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Old Nov 4, 2013, 9:54 AM   #1
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Default distance of filter from lens

Hi,
I'm wondering if the distance of a filter from the lens is important. I've been fiddling around with making a 'homegrown' variable neutral density filter, using a cpl and linear pl (circular next to the lens); but the camera seems to be focusing on one of the filters, because I'm seeing what appears to be dust, or something. (There are other issues too ..... namely a blue cast when I get to the point of blocking out most of the light.) But I'm mainly interested in whether the filter should be mounted right next to the lens, or can a spacer be used in between the lens and the filter. Sorry about the long winded explanation.
Thanks,
....... john
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Last edited by Shinnen; Nov 4, 2013 at 9:57 AM. Reason: spelling
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Old Nov 4, 2013, 1:58 PM   #2
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If (for whatever reason) your filter is a small distance away from the lens,any dust,hair,mark or whatever on the filter might be picked up by the AF system- and of course,vignetting would be an issue also...
Given the issues you're experiencing- I'd consider a fairly inexpensive solution...
http://www.parkcameras.com/22432/Ham...FU_HtAodrm4Aig
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Old Nov 4, 2013, 2:19 PM   #3
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G'day mate

From experience, when you start to polarise already polarised light, the colours go haywire. I get violent violet images doing this

I have also got a [german made] B+W ND400 & a ND1000 [can't remember the brand] and both of them cause miserable streaking & splotches across the image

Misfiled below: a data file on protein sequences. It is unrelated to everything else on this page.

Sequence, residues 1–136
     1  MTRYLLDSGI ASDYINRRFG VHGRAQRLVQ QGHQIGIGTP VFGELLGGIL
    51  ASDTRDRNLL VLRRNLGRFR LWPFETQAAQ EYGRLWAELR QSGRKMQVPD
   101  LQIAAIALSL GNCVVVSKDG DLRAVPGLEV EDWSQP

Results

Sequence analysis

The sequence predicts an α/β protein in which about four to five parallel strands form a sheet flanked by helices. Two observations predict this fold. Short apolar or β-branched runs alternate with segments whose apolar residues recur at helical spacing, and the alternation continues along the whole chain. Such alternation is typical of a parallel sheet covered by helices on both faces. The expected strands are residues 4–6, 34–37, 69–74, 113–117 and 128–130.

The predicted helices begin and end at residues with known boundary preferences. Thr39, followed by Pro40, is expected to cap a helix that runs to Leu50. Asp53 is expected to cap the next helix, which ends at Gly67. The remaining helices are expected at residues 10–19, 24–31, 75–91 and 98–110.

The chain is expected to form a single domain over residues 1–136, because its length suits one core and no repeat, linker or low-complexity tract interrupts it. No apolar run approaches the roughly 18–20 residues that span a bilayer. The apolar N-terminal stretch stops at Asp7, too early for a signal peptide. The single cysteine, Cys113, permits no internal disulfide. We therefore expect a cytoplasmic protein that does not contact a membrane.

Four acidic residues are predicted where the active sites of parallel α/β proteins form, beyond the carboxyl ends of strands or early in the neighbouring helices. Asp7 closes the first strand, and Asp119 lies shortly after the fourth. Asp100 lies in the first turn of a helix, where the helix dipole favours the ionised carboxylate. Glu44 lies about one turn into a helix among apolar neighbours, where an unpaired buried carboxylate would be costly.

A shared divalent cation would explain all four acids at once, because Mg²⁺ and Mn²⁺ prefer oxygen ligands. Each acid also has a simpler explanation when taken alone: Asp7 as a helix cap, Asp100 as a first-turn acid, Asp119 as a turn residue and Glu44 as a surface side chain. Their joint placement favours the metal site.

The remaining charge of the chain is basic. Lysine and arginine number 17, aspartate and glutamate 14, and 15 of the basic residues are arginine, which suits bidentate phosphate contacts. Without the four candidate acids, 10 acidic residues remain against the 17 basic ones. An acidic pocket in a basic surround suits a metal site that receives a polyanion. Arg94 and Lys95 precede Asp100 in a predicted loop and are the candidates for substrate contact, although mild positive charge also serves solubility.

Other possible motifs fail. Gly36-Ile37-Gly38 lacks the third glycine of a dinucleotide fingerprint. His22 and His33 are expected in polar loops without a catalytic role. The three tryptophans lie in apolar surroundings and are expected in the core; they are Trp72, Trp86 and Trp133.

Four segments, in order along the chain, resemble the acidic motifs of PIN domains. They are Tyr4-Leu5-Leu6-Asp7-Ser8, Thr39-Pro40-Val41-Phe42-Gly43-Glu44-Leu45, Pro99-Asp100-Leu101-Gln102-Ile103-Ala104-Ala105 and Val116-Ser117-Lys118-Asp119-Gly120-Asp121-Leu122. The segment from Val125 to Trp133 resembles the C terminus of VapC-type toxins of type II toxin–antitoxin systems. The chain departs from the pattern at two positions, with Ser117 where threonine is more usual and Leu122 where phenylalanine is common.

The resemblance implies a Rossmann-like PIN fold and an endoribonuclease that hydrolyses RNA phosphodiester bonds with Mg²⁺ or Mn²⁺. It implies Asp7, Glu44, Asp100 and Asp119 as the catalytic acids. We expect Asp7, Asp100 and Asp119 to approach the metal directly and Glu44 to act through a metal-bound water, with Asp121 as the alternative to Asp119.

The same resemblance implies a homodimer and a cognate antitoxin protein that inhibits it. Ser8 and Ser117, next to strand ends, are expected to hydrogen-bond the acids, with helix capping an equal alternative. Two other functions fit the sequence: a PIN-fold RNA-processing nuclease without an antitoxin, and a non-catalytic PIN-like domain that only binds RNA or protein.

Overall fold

I don't know whether any of these filters truly work

ps- I can post images if you wish
Phil
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Old Nov 4, 2013, 3:27 PM   #4
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Hi Simon/Phil,
Thanks for the help. So, it's best to put filters right onto the end of the barrel ..... no spacers ..... OK.
It sounds like the Hama filter is the solution alright. Now I just need to find one here.
I got the idea of using a cpl and a lpl from a webpage, but haven't been able to make it work. Thought I might do some motion blur pictures.
...... john
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Old Nov 4, 2013, 8:38 PM   #5
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The blue or purple cast is common with some crossed polarizers due to the shorter wavelengths passing more easily through the filter.
When you reduce the amount of light using filters this way, autofocus systems have difficulty. The best way to do what you are doing is to manually focus, or lock focus with the polarizer set to pass the most light, then adjust for the exposure you need.

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Old Nov 5, 2013, 2:52 AM   #6
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Quote:
Originally Posted by Ozzie_Traveller View Post